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section heading icon     bodies and medical privacy

This page considers questions about health records, patient privacy, genetic redlining and adoption.

It covers -

  • introduction - some basic questions about the shape of patient privacy, medical data and the body
  • bodily integrity, transparency and dignity - searches, scans, touching and shame
  • diagnosis, therapy and confidentiality - is medical privacy now a meaningless concept?
  • patient privacy in the networked environment - changing relationships in health services, as one to one becomes many to many
  • commodification and health networks - questions about who owns your medical records, who gets to see the data and its commercialisation
  • community attitudes - conflicting views about the nature and cost of medical privacy
  • genetic testing and identification - data collection and utilisation, including police forensic databases and insurance redlining
  • health privacy legislation - major medical privacy enactments and codes
  • adoption - anonymity, registration and identity
  • professional privilege - doctor-patient relations in the courts

There is a supplementary discussion of national identification schemes, in particular health service cards, and health data registers. Australia's medical privacy regimes are considered in more detail elsewhere on this site.

subsection heading icon     introduction

Community expectations about 'bioprivacy' - and associated practices and regulation - are complex and fragmented. They reflect both the evolution of technologies (in particular diagnostic and therapeutic technologies) and changing social, economic and cultural relationships.

That is evident in -

  • the ongoing 'industrialisation' of health services, with continuing shift from a purely patient-doctor relationship to interactions that may involve the patient and a large number of nurses, technicians, doctors, system administrators and third parties
  • tracking by government agencies, health maintenance organisations and insurers of services provided to patients
  • the assembly and use (or misuse) of genetic and other databases for the purposes of law enforcement, provision of financial services and recruitment
  • disagreement about the rights of adopted children and biological parents
  • anxiety about biometric applications
  • the diffusion of responsibilty from professional elites to a wider range of actors, some of whom have an uncertain grasp of ethics or indeed a strong commercial incentive to erode the privacy of individuals

A result of that evolution is that bioprivacy protection involves a patchwork of legislation, professional codes and often unstated assumptions about practice or outcomes.

In Australia, the US and other countries much protection is independent of primary privacy legislation such as the Commonwealth Privacy Act 1988. Some protections apply only to information held by government agencies. Some protections (or an explicit lack of protection) apply to specific groups, such as government employees and prisoners. Some apply to particular medical conditions or types of information, eg regarding HIV/AIDS or substance abuse.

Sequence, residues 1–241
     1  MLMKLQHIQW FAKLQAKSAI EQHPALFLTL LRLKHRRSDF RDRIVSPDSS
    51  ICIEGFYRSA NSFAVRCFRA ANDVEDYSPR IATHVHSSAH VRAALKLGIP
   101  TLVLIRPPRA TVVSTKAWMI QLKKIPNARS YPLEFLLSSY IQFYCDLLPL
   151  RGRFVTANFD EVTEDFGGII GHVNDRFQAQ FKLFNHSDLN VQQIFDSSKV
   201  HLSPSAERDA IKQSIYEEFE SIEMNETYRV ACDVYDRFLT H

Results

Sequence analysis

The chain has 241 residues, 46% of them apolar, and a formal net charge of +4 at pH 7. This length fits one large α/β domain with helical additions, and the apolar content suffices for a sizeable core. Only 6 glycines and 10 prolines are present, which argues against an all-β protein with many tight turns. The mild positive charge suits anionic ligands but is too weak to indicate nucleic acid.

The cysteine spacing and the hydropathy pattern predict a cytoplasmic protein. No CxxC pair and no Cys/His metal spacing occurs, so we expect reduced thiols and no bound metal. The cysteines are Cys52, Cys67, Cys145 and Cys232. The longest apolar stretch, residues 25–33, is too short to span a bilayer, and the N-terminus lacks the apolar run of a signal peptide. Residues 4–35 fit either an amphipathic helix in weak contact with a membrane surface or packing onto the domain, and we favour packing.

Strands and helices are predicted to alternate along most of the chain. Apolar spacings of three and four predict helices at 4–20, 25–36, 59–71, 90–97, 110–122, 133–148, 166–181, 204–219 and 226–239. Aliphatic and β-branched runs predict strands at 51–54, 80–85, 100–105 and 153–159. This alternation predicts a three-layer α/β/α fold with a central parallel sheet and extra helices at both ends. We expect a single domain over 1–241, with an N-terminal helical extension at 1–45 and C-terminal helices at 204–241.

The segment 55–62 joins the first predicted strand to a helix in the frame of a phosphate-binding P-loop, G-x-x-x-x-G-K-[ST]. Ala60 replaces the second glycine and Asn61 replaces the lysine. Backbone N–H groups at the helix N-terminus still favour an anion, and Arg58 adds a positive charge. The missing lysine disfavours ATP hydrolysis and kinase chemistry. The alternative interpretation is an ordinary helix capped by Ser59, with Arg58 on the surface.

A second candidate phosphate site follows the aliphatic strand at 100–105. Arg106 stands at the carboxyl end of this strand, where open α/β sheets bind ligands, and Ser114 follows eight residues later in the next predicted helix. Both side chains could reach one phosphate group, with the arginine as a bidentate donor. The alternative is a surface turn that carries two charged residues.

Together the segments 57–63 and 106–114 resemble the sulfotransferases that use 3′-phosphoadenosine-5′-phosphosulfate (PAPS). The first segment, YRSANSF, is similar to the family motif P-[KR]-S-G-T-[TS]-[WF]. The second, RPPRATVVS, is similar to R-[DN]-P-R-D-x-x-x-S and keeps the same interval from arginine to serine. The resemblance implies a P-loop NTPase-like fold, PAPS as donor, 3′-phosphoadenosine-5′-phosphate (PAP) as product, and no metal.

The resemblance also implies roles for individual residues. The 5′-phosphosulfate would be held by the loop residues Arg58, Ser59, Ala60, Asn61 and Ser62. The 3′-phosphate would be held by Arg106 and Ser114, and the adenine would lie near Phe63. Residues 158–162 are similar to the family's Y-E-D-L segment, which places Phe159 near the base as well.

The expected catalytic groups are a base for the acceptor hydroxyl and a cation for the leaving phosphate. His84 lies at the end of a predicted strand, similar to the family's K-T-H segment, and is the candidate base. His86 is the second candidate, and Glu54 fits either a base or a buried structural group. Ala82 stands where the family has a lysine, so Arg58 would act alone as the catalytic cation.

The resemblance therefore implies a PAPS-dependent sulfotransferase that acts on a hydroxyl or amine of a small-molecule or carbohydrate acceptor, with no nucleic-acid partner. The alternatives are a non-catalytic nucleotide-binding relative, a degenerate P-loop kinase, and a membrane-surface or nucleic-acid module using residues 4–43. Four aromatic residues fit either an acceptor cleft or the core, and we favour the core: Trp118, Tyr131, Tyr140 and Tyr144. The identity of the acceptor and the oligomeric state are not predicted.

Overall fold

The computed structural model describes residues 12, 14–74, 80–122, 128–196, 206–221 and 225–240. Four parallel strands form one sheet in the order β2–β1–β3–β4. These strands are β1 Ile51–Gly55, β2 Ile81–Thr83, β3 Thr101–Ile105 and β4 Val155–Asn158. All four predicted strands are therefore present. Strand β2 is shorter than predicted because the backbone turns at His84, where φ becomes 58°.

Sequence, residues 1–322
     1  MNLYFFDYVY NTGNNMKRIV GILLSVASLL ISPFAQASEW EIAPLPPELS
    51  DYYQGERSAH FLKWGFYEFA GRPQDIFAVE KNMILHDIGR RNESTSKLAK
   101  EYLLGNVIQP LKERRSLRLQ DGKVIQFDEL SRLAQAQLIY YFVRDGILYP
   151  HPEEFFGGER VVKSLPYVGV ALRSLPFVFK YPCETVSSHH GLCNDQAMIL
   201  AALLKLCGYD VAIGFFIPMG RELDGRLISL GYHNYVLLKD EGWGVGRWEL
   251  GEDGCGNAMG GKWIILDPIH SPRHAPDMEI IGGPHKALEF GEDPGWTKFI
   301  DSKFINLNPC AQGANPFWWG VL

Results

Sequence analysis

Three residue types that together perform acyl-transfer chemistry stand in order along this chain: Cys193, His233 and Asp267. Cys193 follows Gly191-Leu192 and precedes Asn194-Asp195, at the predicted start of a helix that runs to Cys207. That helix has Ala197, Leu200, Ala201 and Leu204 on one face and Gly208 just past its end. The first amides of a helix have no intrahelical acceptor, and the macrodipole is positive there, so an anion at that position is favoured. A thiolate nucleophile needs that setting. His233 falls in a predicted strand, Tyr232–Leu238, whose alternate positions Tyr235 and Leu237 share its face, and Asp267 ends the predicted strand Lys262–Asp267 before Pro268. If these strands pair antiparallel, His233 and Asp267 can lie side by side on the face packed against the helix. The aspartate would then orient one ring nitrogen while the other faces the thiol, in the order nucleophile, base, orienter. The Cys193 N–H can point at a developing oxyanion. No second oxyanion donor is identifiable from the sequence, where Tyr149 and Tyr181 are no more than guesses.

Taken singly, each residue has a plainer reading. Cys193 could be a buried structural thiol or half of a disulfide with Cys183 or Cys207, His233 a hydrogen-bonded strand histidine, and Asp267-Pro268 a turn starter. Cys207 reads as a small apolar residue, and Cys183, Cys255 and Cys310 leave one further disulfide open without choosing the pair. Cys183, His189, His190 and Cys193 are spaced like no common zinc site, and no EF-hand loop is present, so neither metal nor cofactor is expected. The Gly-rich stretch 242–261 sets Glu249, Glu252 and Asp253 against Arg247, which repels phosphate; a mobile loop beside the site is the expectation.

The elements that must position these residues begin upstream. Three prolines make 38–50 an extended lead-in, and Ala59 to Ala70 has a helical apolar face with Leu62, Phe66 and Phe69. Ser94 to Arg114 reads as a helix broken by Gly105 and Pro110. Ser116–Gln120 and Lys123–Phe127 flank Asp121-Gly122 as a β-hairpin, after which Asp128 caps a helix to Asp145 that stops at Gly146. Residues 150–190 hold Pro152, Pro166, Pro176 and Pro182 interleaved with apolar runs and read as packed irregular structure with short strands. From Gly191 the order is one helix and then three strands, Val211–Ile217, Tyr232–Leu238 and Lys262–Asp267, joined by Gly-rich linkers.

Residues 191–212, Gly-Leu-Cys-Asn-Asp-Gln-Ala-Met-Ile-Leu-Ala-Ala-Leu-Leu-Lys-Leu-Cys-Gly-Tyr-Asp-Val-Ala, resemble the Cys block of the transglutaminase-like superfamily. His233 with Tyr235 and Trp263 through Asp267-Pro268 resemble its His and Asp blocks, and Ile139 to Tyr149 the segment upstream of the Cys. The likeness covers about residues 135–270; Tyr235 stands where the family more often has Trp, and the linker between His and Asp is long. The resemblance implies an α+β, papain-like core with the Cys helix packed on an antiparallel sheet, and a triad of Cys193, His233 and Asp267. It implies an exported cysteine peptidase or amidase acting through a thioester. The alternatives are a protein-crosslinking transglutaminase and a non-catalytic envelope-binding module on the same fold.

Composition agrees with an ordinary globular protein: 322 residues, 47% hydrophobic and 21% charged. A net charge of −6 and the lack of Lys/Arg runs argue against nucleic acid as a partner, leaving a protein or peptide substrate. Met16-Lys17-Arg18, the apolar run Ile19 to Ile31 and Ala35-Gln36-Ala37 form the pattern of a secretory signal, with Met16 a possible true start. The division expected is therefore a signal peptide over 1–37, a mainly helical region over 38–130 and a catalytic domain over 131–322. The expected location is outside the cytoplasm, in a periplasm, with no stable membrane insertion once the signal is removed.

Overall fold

In the West much thinking about medical privacy can be traced back to the Hippocratic Oath, still a cornerstone of medical ethics, with most doctors subscribing to a shibboleth such as -

What I may see or hear in the course of the treatment or even outside of the treatment in regard to the life of men, which on no account must spread abroad, I will keep to myself, holding such things to be shameful to be spoken about

In practice contemporary economics and technologies mean that there is a substantial tension between what is restricted to a doctor and patient and what is "spread abroad". Much debate accordingly centres on mechanisms for minimising inappropriate access to (and misuse of) data that is necessarily widely shared.

subsection heading icon     bodily integrity, transparency and dignity

In the 'age of the internet' it is easy to dismiss as quaint Victorian medical practice - or that in some contemporary societies - that preserved the privacy of female patients by requiring medical practitioners to conduct physical examinations while a patient was fully clothed or indeed provide a diagnosis without having physically touched/seen the patient. Undressing for the GP (or a proxy) of whatever gender and responding to questions about health, lifestyle and family is for many people so common as to be unremarked.

We have similarly come to accept reduction of bodily integrity, such as cavity searches, and mandatory provision of blood or other samples if that occurs within an appropriate legal framework - typically one that affects other people, such as prisoners, alleged drug smugglers and illegal immigrants. If privacy is fundamentally "the right to be left alone" all societies blur the right when dealing with some citizens or non-citizens, whose bodies are less of their own and more objects for interrogation by the state.

Stripsearches and groping by an agent of the state date from antiquity and have often taken place in public as a demonstration of the searcher's power. Mandatory imaging of passengers and visitors to some facilities is however new and has provoked responses such as the ACLU comment that

If there is ever a place where a person has a reasonable expectation of privacy, it is under their clothing.

Rejoinders from some privacy scholars have argued the importance of differentiating between dignity and privacy or, more persuasively, that electronic imaging may be less invasive than a physical examination. The World Medical Association, for example, calls on authorities to explore alternatives to cavity searches.